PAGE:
Kean’s production also has great moments of comedy- the opening silence between Simmonds and Ross as Ross ‘bounces up and down on his bloody toes’; the removalist's cocky indifference and repetition of his only concern, money and not people, ‘I’ve got $10,000 worth of machinery ticking over out there in the drive’ is almost the equivalent of Simmonds deal with Kenny to provide him with prostitutes to keep his silence over the beatings. Everything is a deal in ‘The Removalists’ and there is a price to pay for getting what you want, although no-one gets to claim on that deal in the end.
The physical comedy of Ross and the TV set was a hilarious theatrical metaphor of Ross’ own tenuous grasp of his own destiny. And watching the men of the play sit around drinking after the false ending, securing their ‘futures’ and watching Kenny struggle to even open his bottle was an indictment of men refusing to deal with the big picture of their actions and instead comically deal with the immediate fallout. Change is fought by asserting your power through the status quo of aggression and humiliation. Kean has used the absurdity of their dilemma to make the quasi-naturalist elements even more frightening.
There is menace in this play. Cotta’s delivery as Kenny is brutish and ominous. I was frightened of him and I was safely in the second row. Seeing his physical deterioration contrasted to his escalating verbal violence was heightened in this portrayal. Other effects on the audience were audible, such as Simmonds’ own crotch grabbing and bottom slapping of the women, or his sexual leering in regards to Fiona’s bruises, evoked sounds of disgust from the darkness of the audience, especially given the age difference between characters, which adds to the cringe-factor. The shock of Kenny’s appearance, bloody and beaten was another obvious reaction from those watching.
Kean has found a plethora of contrasts to work with in this play- age and generation, powerful and powerless, authority and aggression, not to mention each character’s own journey. We see Fiona trying to reclaim power, we see Kate’s used against her, Kenny’s complete reversal of power, Simmonds lack of self-control from boss to brutalised and Ross’s idealism morphed into a frenzied and panicked murderer. It is only the removalist who remains unmoved and constant and given he is the representative of society, or us, to be clear, we come to understand that Williamson is projecting our own inability to change or aid in the wrongs or injustices of the world. Rob, the removalist, is a cowardly voyeur, to be laughed at as the world crashes around him and he sits, unmoved.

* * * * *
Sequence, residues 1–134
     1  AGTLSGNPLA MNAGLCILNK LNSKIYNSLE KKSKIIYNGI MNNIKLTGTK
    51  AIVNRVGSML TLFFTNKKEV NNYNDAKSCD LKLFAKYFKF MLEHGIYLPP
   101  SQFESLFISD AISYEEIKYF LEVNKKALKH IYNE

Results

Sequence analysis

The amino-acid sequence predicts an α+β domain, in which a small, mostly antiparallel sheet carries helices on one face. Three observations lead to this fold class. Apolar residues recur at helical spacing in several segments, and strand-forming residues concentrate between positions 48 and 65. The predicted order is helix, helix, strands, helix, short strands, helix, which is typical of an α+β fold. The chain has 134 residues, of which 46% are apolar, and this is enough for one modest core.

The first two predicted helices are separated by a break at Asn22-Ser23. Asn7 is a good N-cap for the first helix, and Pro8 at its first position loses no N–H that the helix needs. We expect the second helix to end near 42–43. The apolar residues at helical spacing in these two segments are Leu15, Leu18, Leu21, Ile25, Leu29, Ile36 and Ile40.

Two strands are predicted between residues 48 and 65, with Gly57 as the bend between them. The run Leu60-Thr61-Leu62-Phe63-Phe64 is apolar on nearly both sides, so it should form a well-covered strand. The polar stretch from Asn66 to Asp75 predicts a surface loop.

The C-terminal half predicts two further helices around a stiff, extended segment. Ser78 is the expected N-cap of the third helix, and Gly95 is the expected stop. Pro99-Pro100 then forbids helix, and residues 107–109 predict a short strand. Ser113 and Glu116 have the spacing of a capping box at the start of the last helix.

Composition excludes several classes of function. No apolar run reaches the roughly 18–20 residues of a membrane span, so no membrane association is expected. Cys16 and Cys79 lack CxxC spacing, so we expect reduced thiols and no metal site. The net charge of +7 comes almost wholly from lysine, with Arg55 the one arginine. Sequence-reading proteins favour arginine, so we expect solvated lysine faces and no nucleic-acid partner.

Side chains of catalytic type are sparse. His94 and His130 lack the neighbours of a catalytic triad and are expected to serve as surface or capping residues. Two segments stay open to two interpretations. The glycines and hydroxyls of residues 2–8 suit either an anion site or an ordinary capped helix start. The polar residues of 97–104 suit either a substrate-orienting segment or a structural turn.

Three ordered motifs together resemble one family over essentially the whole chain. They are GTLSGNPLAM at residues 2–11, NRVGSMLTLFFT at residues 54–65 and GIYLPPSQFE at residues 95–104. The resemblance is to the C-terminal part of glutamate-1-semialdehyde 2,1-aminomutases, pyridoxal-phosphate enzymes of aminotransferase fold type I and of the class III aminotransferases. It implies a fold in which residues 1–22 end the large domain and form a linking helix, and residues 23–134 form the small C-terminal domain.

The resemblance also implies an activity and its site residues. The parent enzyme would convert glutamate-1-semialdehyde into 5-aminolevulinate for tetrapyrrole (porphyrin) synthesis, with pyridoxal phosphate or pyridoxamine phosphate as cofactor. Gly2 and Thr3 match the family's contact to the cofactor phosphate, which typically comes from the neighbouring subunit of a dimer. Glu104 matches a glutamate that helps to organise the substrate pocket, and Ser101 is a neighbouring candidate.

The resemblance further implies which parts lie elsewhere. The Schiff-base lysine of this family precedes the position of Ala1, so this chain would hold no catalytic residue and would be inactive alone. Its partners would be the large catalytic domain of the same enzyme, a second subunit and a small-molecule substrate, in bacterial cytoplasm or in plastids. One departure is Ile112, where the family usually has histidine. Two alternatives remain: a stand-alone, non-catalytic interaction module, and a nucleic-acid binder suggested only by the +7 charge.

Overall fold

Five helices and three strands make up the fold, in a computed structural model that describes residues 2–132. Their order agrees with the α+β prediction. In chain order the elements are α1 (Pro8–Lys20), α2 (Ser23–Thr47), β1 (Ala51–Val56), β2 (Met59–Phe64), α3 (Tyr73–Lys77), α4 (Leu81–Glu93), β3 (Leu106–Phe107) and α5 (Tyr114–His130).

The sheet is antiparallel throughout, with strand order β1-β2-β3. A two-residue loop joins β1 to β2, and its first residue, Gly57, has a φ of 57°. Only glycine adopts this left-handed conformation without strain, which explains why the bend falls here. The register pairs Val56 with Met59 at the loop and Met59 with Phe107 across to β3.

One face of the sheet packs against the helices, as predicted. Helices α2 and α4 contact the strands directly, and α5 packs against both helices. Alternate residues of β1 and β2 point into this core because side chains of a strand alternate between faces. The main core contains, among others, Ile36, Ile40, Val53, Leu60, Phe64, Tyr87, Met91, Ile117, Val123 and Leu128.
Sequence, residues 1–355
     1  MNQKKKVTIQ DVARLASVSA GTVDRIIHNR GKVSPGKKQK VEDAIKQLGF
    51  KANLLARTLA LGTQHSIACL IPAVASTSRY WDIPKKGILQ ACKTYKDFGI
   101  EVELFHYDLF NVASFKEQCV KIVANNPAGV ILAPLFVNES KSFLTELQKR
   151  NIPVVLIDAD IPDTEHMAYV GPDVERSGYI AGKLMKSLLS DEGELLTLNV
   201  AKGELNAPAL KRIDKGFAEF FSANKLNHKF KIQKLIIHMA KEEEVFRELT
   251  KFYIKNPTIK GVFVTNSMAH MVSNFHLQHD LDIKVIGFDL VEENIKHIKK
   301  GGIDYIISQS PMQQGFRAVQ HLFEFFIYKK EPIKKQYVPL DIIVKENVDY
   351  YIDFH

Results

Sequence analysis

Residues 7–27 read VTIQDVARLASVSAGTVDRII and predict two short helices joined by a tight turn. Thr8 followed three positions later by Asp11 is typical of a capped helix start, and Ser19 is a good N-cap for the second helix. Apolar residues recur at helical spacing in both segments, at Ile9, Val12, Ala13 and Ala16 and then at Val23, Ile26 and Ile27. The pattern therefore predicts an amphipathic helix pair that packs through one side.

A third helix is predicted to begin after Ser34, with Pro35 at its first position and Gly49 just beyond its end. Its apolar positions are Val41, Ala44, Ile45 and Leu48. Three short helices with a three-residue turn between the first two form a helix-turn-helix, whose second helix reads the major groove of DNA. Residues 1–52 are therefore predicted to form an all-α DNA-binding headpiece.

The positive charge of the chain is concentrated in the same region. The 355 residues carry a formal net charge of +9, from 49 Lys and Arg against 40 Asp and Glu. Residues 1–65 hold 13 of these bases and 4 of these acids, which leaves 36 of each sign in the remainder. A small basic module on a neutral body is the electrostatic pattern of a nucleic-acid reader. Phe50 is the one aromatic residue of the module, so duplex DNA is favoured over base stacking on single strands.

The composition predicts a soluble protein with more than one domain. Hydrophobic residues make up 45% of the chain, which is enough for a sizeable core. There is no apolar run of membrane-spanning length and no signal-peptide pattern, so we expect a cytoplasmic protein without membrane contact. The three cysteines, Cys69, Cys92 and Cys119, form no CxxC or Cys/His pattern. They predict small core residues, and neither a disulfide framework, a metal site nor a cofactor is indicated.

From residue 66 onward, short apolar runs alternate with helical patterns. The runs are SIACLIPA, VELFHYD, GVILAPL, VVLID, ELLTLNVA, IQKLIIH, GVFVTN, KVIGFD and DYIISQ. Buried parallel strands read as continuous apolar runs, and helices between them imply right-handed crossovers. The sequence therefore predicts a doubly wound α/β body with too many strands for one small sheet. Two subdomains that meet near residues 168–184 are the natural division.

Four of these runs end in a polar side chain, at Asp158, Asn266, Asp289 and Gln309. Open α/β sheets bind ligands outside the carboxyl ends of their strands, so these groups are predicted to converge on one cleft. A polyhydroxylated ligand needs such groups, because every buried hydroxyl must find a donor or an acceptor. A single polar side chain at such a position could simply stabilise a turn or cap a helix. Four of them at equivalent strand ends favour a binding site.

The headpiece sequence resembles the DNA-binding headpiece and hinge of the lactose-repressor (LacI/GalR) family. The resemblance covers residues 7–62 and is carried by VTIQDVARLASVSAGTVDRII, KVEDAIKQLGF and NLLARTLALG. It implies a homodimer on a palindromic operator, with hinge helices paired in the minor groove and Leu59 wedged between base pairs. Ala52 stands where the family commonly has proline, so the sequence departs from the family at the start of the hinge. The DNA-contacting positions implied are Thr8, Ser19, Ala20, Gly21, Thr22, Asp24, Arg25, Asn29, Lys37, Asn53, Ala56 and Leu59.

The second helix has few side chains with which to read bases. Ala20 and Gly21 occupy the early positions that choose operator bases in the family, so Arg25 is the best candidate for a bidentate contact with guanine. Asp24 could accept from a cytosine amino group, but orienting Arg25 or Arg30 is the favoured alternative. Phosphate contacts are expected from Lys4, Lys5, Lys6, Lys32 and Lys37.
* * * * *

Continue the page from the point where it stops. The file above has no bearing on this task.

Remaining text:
Kean has utilised the elements Williamson gives him in the script and enhanced them with technical imagery. Ally Mansell’s set of the station, as bland as a hospital ward in eucalypt green, with Simmonds ensconced behind his big desk of authority, leaves Ross exposed in the open of the centre stage. Simmonds has the power of the force to lean on whilst Ross has nothing. In the Carter’s household, the stripping away of furniture removes the trappings of domesticity and lets us witness the exposed violence of the men left on stage as they dance their ritual of aggression around the corpse of Kenny. The three doors were another nice touch, especially as they attempt to use the shafts of light to seek solace and power or run out and in, searching for an exit or enlightenment and all doors leading them back to the space they just left. Luiz Pampolha’s lights capture these moments and again, using lights to create the effect of the venetian blinds at the start of each act allows us to be the voyeurs that we accuse the removalist of being. Jed Silver’s soundtrack not only places us back in 71 but he gives each character their own sound of the 70’s, from rock to ballad and offers an insight into the workings of their minds and personalities. Choreographer Scott Witt managed to create realism to the violence that is hard to achieve for the stage.
So in 1971 this play offered us a new theatrical expression, in 1984 this play felt like pure realism, in 2009 STC gave us a production that made ‘The Removalists’ feel completely anachronistic and in my own production I wanted to heighten the absurdity and comedy, Leland Kean and the Rock Surfers found the right balance in 2013. Whether you’re studying the play or not, it is worth heading out to Bondi and watching a quality production that can still captivate the audience of today.